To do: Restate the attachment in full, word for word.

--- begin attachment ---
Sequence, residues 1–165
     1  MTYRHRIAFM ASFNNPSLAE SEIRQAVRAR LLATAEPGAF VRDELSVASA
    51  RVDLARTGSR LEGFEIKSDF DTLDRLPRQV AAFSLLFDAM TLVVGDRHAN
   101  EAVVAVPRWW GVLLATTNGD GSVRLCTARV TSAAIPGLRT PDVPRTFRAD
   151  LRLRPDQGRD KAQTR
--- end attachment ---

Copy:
Sequence, residues 1–165
     1  MTYRHRIAFM ASFNNPSLAE SEIRQAVRAR LLATAEPGAF VRDELSVASA
    51  RVDLARTGSR LEGFEIKSDF DTLDRLPRQV AAFSLLFDAM TLVVGDRHAN
   101  EAVVAVPRWW GVLLATTNGD GSVRLCTARV TSAAIPGLRT PDVPRTFRAD
   151  LRLRPDQGRD KAQTR